Fareed Zakaria is an Indian born American popular TV host of a weekly CNN program (Fareed Zakaria GPS) where global issues are discussed and analyzed. While he is considered by some as opinionated others think that he is an unbiased analyst who focuses on issues without prejudice. His two recent discussions on issues concerning Africans especially West Africans with emphasis on Nigerians have further elicited the argument if he is rational or if he is indeed a doomsday prophet.
In a February broadcast just before the implementation of the Trump’s Executive Order expanding the immigrant visa ban to include six African countries, Fareed argued vigorously against the policy attributing it to Trump’s preference for immigrants from European countries like Norway as against those from Haiti and African countries which he referred to as ‘shit hole countries’.
Fareed went on to provide statistics and data to buttress his argument that Nigerians are not just the most educated immigrants in the US with higher qualifications than their hosts but also have higher employment rate in white collar jobs.
For his admirers, that broadcast was not only an excellent PR job for Nigerians who are sometimes misconceived for the wrong reasons but it also exposed the Trump administration’s ill-conceived expansion of the travel ban for those six African countries.
In another broadcast in April, Zakaris focused on the impact of the coronavirus pandemic in developing countries like India, Brazil, Nigeria and Indonesia. He posits that the low rate of spread in these countries could be attributed to less linkage by trade and travel compared to the developed countries. He further contends that fewer tests for the pandemic are conducted in these countries which account for the low reported cases.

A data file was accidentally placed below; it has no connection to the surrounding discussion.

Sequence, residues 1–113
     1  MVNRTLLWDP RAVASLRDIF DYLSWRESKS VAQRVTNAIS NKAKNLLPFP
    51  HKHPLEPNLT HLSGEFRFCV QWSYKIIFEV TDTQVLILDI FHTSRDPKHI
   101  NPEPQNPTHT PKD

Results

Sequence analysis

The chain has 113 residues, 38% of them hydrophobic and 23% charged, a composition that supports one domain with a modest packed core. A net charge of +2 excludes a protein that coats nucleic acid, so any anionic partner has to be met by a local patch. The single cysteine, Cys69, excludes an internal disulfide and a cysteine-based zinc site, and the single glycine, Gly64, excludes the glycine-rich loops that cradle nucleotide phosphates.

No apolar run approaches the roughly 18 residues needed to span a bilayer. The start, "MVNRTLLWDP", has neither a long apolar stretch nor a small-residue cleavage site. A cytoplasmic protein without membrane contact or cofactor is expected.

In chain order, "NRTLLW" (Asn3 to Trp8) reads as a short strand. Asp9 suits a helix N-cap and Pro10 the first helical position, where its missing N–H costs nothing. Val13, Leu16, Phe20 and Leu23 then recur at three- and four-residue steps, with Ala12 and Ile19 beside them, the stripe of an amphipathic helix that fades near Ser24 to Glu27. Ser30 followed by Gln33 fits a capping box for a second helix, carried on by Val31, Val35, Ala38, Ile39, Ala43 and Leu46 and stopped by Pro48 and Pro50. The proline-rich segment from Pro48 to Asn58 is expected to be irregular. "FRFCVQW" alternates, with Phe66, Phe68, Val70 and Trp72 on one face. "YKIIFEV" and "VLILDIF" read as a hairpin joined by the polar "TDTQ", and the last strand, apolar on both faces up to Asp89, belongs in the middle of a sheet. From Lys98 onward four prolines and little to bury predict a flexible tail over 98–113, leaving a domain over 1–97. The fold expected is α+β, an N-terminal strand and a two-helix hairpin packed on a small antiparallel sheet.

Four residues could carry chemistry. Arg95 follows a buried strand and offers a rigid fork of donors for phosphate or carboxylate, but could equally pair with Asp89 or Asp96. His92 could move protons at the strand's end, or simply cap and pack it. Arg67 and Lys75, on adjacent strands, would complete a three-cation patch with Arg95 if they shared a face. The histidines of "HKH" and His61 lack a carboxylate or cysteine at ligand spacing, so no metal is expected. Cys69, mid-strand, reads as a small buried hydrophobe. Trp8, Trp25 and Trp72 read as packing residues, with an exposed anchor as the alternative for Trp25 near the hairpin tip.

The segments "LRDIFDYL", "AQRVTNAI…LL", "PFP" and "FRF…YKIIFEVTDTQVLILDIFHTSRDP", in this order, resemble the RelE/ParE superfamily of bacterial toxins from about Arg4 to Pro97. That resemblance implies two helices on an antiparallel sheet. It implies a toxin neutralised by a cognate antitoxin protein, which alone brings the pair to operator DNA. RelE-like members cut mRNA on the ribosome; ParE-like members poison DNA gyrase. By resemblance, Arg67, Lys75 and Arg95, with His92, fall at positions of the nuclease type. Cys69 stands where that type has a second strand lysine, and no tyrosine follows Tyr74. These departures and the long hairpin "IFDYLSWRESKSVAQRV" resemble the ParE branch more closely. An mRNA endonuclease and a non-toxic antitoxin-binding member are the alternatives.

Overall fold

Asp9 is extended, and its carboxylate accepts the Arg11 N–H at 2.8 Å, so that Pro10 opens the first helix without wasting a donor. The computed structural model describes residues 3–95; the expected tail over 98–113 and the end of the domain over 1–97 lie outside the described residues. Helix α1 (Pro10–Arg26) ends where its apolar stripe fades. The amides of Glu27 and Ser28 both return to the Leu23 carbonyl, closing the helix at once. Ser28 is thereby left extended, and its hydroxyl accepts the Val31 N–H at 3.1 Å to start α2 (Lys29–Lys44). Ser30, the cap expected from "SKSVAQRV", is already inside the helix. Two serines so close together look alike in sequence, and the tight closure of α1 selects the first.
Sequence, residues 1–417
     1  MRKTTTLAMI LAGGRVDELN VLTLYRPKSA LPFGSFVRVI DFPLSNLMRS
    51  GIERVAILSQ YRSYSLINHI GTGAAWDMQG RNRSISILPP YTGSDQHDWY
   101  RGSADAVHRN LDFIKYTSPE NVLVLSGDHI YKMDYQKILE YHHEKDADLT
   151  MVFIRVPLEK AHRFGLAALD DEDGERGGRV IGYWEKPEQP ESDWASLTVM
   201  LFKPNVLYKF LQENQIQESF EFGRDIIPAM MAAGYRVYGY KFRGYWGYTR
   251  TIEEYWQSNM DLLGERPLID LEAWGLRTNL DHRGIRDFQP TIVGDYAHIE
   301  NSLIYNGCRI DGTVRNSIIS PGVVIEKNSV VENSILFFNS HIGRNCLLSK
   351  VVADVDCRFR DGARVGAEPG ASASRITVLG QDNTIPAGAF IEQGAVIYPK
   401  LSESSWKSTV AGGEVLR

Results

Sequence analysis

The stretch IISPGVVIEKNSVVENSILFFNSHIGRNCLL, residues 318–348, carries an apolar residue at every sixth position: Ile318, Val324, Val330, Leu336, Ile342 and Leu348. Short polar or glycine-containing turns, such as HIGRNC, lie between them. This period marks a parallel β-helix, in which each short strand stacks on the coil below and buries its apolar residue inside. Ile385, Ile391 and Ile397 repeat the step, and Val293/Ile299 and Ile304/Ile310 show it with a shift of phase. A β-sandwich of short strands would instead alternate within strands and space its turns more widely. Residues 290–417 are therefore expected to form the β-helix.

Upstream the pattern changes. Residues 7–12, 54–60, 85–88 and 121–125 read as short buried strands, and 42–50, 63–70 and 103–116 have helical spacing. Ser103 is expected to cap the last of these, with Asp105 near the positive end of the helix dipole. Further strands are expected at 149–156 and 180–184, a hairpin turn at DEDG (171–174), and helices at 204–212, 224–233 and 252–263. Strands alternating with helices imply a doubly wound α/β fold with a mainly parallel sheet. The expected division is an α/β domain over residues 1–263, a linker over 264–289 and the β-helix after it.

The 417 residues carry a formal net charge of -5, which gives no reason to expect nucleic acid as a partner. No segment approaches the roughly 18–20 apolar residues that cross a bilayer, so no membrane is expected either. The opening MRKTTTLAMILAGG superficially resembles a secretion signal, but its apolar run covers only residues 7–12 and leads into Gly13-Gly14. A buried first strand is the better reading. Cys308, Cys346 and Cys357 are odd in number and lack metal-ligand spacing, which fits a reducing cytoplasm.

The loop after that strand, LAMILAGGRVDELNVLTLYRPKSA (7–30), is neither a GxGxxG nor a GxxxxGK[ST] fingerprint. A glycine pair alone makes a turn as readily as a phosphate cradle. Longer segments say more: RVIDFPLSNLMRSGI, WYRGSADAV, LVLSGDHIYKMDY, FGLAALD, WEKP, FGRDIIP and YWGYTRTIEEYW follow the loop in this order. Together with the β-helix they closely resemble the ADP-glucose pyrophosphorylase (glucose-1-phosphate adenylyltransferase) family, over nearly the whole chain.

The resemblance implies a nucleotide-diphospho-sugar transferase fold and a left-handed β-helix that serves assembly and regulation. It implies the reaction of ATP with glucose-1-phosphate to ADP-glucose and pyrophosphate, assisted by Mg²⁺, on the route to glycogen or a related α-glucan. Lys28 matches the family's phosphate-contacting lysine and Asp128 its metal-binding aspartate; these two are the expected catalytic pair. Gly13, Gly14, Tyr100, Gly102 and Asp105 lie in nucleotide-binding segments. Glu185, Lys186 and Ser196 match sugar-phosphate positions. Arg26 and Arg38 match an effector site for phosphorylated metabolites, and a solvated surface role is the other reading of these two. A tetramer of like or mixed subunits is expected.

In addition, Fareed is of the opinion that the low price of crude oil, in some of the developing countries especially those that rely on oil revenue will be in serious crisis. He warns that there could be political turmoil which will result in large number of refugees and possibly revolutions in some countries.
In Nigeria for instance, the current docile leadership style must give way to a more proactive and less nepotistic approach that will identify competent hands to manage the economy that has been in a nosedive.
While Fareed can be said to have been dispassionate in both broadcasts, it should be a wakeup call for managers of the affairs in the developing countries to immediately start strategizing on the post COVID-19 era. In Nigeria for instance, the current docile leadership style must give way to a more proactive and less nepotistic approach that will identify competent hands to manage the economy that has been in a nosedive.
When Buhari was first elected Nigeria’s President in 2015, there was so much excitement and expectation that he would harness the vast human and natural resources to improve the lot of the average Nigerian, unfortunately that goodwill has since evaporated occasioned by his abysmal performance in the areas of economy, security and his consistent disregard for the rule of law. Nigerians who voted for him twice wrongly assumed that with his military background, he would have the expertise to end the insurgency which has been ravaging the north eastern part of the country and which has brought untold hardship to millions of Nigerians in that region of the country.